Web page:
Posted: Tuesday, June 21, 2022
In 2014, data from The Cancer Genome Atlas project suggested the reclassification of adult papillary thyroid cancer into RAS-like and BRAF-like molecular subtypes better reflected phenotypic behavior and outcomes than sole reliance on pathologic classification; however, according to Andrew J. Bauer, MD, of the Children’s Hospital of Philadelphia, and colleagues, a three-tiered classification system comprising RAS-mutated, BRAF-mutated, and NTRK/RET gene fusion–positive subgroups may provide more accurate predictions in pediatric differentiated thyroid cancer. The results of this analysis, which were published in the Journal of Clinical Oncology, highlighted the need to further define differences in the molecular landscape between pediatric and adult patients.
“NTRK and RET [gene] fusions are the most prevalent genetic alterations in pediatric differentiated thyroid cancer,” the investigators remarked. “Patients with NTRK/RET [gene] fusions had the highest risk of metastases and were less likely to achieve remission at 1-year post-surgery.”
The investigators conducted a somatic cancer gene panel analysis of pediatric surgical specimens (papillary thyroid cancer: n = 122; follicular thyroid carcinoma: n = 9). Tumors were categorized based on mutational status: RAS-mutant (6.9%); BRAF-mutant (19.8%); NTRK/RET gene fusion–positive (32.8%). Mutation-based subtype categories were found to be significant in most variables, including age at diagnosis, metastatic behavior, and likelihood of remission at 1 year. Compared with patients who harbored RAS or BRAF mutations, those with NTRK/RET gene fusions seemed to be significantly more likely to experience advanced lymph node and distant metastases and less likely to achieve remission at 1 year.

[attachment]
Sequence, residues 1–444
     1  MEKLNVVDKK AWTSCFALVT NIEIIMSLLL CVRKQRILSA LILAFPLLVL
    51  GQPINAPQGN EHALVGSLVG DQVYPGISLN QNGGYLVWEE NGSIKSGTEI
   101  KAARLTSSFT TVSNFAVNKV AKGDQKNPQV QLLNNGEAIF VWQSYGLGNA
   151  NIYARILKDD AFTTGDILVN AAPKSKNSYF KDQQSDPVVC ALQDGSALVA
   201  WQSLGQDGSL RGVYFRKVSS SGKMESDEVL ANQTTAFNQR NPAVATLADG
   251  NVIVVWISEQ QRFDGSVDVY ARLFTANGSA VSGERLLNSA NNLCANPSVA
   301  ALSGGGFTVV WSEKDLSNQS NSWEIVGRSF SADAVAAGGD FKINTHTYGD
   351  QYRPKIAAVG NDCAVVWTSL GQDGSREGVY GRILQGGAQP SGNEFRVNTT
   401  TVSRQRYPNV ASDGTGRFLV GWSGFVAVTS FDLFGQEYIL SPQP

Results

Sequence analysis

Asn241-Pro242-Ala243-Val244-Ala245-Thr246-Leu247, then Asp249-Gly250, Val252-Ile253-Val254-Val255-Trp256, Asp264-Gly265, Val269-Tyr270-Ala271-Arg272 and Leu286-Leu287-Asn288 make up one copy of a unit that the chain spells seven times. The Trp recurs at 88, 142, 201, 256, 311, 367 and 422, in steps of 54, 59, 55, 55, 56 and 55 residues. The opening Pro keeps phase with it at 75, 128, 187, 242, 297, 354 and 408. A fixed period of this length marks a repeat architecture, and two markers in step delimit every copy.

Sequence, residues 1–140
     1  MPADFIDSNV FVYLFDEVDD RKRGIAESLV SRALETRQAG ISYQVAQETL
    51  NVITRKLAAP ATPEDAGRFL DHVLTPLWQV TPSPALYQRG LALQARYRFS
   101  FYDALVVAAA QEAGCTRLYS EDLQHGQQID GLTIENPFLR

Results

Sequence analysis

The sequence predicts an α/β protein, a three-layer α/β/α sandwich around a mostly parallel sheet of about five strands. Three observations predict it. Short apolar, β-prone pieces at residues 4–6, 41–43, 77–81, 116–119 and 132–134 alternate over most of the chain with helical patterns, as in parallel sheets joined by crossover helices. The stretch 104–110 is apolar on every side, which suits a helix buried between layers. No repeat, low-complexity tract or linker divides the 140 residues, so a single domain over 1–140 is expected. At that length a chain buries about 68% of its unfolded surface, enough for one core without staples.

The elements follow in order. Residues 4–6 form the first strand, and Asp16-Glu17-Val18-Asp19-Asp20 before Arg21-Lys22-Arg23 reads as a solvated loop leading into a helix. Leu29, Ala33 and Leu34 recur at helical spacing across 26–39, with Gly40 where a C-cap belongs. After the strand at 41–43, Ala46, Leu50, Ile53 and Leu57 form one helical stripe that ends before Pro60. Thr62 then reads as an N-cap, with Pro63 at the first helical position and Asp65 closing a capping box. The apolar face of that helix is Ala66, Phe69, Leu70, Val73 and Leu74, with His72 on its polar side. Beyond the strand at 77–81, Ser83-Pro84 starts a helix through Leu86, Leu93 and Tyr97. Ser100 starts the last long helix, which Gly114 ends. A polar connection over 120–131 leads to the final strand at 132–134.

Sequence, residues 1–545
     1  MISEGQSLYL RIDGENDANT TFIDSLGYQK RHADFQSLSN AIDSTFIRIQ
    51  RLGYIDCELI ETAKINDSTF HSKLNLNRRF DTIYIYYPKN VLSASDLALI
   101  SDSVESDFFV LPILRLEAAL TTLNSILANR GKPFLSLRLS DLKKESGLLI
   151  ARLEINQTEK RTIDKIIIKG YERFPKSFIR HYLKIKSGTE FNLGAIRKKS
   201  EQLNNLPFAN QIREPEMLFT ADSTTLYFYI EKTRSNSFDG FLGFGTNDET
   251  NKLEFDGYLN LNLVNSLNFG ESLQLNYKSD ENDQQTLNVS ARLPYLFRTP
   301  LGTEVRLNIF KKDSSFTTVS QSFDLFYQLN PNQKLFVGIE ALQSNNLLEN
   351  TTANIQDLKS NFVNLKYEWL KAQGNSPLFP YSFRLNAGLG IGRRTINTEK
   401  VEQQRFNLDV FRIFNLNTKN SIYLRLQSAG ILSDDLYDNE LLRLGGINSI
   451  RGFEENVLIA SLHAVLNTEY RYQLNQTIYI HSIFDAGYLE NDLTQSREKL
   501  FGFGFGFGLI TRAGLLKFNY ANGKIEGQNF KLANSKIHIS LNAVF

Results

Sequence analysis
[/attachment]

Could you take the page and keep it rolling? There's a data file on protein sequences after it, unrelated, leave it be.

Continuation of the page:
“The combined data set used in this study represents an evolutionary change in the information gained from genetic and molecular analysis over the span of a few short years,” the investigators concluded. “Future trials should consider the inclusion of molecular subtype into risk stratification.”
Disclosure: For full disclosures of the study authors, visit ascopubs.org.